It was just before dawn as seven bulky men in T-shirts and sweatpants gathered in front of a towering glass building on Lexington Avenue in New York City. Marcelo Crespo, a 41-year-old with gleaming green eyes and a goatee, beckoned the group over to a white company van, handing each man a pile of protective gear: face mask and respirators, full-body coveralls, shoe covers, hard hats, masking tape.
Clutching their bundles, the men entered through the back door of the building, taking the utility elevator up 32 floors to the roof. The day before, they had sealed up the workspace like an enormous Ziploc bag, covering a large section of the roof with protective plastic structures to shield it from the open air. Before passing through the clear sheeting, Crespo rattled the scaffolding, checking its stability. He traced a sign of the cross on his chest and whispered a prayer that God keep them all safe. Warning signs plastered the makeshift walls, boxes, and equipment. Caution. Danger. Authorized personnel only.
It could have been a scene from the movie Outbreak, but the job took place several months before the Covid-19 pandemic gripped Manhattan. With every breath, the men were still risking serious health problems–even death–as a result of the microscopic particles of asbestos swirling in the air.
Asbestos abatement workers were deemed essential long before the pandemic. Property owners are legally required to call abatement teams in to remove asbestos any time there’s construction, renovation, or retrofitting. Across the United States, during the coronavirus pandemic, some asbestos jobs have even accelerated as several cities are taking advantage of the closures of public spaces to schedule renovations. And there’s a lot more of that on the post-coronavirus horizon: New York City’s Climate Mobilization Act, which was passed last spring, includes a mandate that the city’s biggest buildings reduce their overall emissions by 40 percent by 2030 and 80 percent by 2050 by installing new windows, insulation, and other retrofits to become more energy efficient.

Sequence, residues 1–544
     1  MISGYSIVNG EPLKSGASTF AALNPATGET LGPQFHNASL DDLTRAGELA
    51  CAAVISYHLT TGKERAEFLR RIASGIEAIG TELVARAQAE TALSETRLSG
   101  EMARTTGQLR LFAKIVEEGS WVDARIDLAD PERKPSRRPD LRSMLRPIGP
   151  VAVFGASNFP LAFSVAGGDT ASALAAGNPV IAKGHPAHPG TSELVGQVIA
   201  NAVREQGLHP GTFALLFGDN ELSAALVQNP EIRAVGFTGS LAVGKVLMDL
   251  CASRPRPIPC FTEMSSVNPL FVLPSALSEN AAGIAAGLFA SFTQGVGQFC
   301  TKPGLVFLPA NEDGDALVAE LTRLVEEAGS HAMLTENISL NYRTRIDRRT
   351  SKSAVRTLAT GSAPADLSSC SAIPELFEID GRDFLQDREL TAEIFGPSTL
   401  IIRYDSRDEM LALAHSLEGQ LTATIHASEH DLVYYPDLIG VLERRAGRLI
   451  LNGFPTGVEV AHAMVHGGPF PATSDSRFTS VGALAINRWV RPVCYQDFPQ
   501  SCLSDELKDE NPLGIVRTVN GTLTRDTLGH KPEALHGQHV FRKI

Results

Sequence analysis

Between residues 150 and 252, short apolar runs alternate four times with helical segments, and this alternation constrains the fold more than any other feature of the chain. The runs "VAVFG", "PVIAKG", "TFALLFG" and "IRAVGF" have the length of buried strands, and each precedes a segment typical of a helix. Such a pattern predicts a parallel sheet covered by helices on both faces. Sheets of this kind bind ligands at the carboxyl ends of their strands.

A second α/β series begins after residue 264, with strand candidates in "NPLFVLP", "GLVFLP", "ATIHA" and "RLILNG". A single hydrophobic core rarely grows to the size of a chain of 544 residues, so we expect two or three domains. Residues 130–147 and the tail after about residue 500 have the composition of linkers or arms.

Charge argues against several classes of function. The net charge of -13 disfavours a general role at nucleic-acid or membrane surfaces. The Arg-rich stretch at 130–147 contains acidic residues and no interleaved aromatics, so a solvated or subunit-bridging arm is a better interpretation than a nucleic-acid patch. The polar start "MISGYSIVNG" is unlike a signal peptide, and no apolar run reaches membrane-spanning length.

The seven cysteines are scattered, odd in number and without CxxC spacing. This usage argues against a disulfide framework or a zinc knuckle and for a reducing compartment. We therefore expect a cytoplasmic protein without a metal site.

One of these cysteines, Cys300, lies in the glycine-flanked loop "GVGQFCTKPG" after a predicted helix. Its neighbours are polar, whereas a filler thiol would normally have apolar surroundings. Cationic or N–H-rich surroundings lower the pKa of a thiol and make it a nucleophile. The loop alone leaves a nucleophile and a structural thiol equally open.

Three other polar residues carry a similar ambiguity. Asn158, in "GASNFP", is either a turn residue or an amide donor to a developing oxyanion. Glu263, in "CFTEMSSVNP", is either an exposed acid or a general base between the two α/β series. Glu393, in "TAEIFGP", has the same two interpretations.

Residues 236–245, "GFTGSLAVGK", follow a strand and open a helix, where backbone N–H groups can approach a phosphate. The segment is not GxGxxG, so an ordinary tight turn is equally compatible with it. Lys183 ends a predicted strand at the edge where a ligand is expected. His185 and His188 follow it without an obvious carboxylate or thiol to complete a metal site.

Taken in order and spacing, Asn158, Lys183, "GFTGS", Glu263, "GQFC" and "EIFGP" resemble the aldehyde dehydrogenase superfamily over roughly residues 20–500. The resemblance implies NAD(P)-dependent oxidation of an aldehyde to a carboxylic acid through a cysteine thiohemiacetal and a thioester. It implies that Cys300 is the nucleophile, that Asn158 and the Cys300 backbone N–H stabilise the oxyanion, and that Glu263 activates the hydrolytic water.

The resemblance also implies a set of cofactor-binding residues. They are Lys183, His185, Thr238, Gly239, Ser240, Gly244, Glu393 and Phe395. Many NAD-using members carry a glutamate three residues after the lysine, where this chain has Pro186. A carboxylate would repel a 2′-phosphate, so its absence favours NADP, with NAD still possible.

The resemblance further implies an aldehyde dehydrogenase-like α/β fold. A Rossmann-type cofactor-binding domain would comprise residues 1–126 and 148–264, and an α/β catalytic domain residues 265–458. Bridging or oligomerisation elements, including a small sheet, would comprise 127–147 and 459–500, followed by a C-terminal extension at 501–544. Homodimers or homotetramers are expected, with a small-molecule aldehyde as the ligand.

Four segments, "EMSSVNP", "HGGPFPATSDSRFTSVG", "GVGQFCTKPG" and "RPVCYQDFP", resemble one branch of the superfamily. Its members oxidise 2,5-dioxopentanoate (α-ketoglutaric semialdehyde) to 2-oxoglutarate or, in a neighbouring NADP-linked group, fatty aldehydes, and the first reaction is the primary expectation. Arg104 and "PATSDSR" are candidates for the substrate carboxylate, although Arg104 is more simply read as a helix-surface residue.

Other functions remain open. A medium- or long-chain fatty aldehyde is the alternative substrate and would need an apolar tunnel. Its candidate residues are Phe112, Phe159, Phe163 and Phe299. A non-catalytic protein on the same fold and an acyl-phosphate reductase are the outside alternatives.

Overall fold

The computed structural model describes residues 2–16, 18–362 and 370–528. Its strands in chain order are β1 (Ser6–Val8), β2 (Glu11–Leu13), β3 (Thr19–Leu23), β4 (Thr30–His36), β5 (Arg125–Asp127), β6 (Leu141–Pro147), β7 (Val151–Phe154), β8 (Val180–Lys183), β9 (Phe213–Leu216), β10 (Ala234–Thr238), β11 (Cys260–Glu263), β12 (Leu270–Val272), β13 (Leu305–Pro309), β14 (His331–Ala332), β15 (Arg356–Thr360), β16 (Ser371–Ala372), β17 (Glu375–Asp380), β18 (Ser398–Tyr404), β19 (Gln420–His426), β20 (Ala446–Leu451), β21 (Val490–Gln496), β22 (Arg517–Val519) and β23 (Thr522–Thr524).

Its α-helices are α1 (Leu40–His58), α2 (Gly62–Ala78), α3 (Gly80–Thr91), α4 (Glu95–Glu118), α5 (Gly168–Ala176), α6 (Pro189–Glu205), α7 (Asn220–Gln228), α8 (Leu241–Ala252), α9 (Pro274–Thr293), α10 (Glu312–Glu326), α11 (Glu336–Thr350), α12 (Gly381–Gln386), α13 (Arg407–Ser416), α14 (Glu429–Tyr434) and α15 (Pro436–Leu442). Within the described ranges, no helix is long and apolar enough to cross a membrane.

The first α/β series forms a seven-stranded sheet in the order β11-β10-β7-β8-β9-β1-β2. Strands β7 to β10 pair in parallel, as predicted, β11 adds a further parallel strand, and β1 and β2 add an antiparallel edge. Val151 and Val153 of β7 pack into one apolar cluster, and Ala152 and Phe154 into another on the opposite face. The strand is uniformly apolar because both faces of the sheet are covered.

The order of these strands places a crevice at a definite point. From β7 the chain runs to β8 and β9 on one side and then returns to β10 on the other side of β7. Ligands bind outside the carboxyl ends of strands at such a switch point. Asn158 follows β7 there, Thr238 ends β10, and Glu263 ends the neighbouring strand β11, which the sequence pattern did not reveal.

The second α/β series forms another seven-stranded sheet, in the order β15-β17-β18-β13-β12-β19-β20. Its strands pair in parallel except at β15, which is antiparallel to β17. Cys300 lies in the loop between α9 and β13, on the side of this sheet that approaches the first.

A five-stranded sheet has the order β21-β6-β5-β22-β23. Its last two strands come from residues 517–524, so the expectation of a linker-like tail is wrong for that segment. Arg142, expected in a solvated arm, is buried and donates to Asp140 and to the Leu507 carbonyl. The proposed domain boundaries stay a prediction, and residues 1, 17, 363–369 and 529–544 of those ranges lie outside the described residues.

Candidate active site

But while the timing makes sense for cities, it’s not so great for abatement workers, whose occupational risks make them especially vulnerable to serious complications of Covid-19.
Judging from its physical properties alone, asbestos is useful stuff: The naturally occurring mineral’s long, fibrous crystals absorb sound and resist fire, heat, and electricity. In ancient Greek, the word for “asbestos” means “inextinguishable.” By the late 19th century, businesses in Europe and North America were competing for rights to mine it. Asbestos turned up everywhere: in concrete, bricks, pipes, flooring, roofing, and couches. It was used as insulation in schools, hospitals, and theaters. Asbestos was used as snow on movie sets in the 1930s, blanketing Dorothy in The Wizard of Oz.
As it grew in popularity, doctors noticed that relatively young asbestos miners were short of breath, suffering from a condition called pulmonary fibrosis. When asbestos fibers become airborne, the small, needle-like filaments can enter the body through the lungs and skin, accumulating in internal organs and building up scar tissue over decades. By the time symptoms show up, people might already have permanent lung disease, genetic damage, or cancerous growths.
In the US, around 39,000 workers die every year from asbestos-related diseases. About 3,000 of these deaths are from mesothelioma, a malignant form of cancer linked to asbestos exposure. And it doesn’t take much: “Mesothelioma can occur at relatively low levels of exposure,” said Victor Roggli, a professor of pathology at Duke University.